Must . . . stay . . . strong!

Natural Language Semantics 18 (4):351-383 (2010)
Abstract
It is a recurring mantra that epistemic must creates a statement that is weaker than the corresponding flat-footed assertion: It must be raining vs. It’s raining. Contrary to classic discussions of the phenomenon such as by Karttunen, Kratzer, and Veltman, we argue that instead of having a weak semantics, must presupposes the presence of an indirect inference or deduction rather than of a direct observation. This is independent of the strength of the claim being made. Epistemic must is therefore quite similar to evidential markers of indirect evidence known from languages with rich evidential systems. We work towards a formalization of the evidential component, relying on a structured model of information states (analogous to some models used in the belief dynamics literature). We explain why in many contexts, one can perceive a lack of confidence on the part of the speaker who uses must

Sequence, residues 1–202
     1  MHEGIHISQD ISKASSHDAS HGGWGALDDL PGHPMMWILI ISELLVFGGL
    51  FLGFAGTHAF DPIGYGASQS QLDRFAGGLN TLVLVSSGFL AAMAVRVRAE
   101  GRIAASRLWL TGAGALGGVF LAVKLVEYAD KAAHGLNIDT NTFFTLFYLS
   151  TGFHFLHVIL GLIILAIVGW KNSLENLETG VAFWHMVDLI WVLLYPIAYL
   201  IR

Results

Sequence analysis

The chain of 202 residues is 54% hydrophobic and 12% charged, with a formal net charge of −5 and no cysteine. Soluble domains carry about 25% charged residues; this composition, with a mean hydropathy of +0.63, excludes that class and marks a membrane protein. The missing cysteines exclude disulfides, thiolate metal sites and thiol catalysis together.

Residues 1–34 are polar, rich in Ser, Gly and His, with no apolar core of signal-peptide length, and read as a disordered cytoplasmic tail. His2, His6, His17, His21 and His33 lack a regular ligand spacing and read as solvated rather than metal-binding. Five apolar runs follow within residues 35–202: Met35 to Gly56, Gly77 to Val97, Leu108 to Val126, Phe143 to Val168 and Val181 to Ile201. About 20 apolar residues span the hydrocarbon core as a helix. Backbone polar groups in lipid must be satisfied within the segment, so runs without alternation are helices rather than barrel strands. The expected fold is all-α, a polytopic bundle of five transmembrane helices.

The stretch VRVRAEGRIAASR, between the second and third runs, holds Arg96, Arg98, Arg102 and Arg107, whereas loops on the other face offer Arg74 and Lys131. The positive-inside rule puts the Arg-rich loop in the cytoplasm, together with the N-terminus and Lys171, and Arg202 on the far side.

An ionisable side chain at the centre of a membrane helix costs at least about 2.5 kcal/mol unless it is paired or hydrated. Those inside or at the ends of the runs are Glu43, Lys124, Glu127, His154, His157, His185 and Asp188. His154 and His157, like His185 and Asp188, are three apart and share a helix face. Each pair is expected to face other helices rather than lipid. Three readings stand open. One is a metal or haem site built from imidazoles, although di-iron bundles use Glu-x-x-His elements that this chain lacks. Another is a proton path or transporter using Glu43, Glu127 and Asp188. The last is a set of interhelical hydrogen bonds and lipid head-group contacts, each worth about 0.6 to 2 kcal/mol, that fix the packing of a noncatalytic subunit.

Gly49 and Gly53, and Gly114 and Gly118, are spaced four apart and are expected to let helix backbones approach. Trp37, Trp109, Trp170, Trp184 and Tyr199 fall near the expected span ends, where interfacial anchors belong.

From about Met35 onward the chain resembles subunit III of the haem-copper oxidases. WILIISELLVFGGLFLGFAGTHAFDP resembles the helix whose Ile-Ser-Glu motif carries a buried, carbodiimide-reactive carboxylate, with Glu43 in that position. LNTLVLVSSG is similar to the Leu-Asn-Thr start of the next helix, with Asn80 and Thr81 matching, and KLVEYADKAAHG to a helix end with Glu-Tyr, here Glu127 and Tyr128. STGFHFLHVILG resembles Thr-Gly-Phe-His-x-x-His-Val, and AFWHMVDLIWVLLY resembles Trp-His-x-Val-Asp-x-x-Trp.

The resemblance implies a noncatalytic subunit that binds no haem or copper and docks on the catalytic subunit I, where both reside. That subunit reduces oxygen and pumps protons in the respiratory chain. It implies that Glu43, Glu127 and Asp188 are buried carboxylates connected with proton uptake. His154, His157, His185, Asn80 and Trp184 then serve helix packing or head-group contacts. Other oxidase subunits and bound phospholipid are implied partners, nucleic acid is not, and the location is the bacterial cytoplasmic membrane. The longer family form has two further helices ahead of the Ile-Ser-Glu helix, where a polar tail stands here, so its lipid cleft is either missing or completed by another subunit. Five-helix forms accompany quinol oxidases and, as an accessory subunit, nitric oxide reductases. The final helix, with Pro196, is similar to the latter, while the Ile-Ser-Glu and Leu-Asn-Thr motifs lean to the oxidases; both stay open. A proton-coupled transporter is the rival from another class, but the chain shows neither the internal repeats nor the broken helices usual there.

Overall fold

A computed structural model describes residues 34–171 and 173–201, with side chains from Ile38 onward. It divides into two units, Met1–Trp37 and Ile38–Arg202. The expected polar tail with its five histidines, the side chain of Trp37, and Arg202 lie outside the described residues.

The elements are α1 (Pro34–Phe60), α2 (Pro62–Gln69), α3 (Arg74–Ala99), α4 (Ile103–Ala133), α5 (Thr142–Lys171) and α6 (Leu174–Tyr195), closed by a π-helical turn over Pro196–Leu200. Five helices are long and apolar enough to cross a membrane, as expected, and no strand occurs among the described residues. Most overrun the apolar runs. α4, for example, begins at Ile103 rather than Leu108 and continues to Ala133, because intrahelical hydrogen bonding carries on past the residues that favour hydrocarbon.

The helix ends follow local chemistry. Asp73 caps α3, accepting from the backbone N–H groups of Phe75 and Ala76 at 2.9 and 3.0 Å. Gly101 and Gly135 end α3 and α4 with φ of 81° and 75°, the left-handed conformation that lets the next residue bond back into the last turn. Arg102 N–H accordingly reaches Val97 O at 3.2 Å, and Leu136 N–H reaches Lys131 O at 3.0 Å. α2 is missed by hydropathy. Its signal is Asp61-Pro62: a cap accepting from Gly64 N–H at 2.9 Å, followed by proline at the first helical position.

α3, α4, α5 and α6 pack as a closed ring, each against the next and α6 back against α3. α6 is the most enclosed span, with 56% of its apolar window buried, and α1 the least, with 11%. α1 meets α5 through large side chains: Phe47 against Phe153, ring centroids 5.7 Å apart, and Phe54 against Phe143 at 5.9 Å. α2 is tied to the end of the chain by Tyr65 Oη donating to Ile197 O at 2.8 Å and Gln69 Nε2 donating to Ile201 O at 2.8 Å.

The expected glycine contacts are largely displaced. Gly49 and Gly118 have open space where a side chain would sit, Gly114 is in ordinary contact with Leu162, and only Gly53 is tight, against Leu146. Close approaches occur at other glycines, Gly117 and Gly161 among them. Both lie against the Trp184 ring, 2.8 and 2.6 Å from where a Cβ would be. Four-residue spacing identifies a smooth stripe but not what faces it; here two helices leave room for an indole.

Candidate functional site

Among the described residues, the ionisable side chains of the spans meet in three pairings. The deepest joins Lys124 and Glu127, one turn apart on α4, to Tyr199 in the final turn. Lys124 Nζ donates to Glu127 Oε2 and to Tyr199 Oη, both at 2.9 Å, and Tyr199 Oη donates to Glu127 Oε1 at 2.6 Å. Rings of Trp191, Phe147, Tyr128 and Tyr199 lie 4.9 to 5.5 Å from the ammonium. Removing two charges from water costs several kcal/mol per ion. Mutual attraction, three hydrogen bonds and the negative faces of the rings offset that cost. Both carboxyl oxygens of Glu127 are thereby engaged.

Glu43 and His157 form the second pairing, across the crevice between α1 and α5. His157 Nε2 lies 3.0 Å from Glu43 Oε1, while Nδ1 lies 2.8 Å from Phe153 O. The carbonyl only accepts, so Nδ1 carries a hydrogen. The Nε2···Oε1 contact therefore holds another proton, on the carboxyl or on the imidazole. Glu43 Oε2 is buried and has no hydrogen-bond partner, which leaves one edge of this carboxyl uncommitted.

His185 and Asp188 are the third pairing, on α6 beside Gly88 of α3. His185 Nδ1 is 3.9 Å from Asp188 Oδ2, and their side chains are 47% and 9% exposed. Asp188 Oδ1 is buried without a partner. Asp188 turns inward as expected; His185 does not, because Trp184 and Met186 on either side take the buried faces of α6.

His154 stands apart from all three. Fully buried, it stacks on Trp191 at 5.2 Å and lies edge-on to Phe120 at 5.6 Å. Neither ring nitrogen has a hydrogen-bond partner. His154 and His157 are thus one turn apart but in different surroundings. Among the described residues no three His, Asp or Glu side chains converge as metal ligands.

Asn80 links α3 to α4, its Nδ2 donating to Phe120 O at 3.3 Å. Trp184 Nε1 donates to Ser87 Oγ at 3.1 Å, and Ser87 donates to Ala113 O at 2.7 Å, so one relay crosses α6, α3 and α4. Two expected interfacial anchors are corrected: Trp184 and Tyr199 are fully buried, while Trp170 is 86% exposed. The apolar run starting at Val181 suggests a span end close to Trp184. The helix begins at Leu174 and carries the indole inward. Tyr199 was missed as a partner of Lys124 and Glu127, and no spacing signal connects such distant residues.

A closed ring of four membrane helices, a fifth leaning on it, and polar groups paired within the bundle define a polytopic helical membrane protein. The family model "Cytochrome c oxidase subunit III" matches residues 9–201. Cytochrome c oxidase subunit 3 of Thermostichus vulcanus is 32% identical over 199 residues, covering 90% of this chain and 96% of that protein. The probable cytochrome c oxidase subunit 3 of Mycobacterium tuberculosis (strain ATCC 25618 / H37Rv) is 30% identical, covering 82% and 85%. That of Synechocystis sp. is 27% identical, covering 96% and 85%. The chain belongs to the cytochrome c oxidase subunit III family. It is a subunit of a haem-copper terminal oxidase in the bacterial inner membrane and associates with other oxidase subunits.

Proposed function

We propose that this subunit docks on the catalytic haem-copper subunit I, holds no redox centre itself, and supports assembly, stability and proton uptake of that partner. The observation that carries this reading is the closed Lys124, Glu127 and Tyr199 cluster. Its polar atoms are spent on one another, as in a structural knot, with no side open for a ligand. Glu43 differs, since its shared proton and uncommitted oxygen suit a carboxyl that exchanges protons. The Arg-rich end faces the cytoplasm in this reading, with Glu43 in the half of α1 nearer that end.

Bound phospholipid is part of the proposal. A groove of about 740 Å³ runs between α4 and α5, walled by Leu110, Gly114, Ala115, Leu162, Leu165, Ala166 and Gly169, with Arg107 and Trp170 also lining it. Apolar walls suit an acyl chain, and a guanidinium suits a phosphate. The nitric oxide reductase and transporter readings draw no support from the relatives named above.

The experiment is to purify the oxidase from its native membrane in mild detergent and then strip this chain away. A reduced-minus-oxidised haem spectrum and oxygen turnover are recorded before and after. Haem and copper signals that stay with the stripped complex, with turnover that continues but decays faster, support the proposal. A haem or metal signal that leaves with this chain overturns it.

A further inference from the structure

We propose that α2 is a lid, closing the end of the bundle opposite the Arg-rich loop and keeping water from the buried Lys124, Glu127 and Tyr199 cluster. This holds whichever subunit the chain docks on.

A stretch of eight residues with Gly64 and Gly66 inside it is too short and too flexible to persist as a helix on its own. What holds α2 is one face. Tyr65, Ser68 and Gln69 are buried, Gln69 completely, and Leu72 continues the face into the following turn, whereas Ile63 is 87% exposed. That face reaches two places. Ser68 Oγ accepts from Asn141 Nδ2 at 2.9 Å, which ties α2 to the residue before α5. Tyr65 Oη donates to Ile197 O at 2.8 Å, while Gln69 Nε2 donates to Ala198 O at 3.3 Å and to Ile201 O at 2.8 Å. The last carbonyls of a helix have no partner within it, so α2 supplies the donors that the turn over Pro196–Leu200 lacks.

Keywords Modality  Epistemic  Evidentiality
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DOI 10.1007/s11050-010-9058-2
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References found in this work BETA
Reasoning About Knowledge.Ronald Fagin (ed.) - 2003 - MIT Press.
Epistemic Possibilities.Keith DeRose - 1991 - Philosophical Review 100 (4):581-605.
Semantics.John Lyons - 1977 - Cambridge University Press.
What 'Must' and 'Can' Must and Can Mean.Angelika Kratzer - 1977 - Linguistics and Philosophy 1 (3):337--355.

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Citations of this work BETA
Epistemic Modals and Common Ground.Ezra Cook - 2013 - Inquiry : An Interdisciplinary Journal of Philosophy 56 (2-3):179-209.
Modality in Language.Eric Swanson - 2008 - Philosophy Compass 3 (6):1193-1207.
The Revenge of the Semantics‐Pragmatics Distinction.Josh Dever - 2013 - Philosophical Perspectives 27 (1):104-144.

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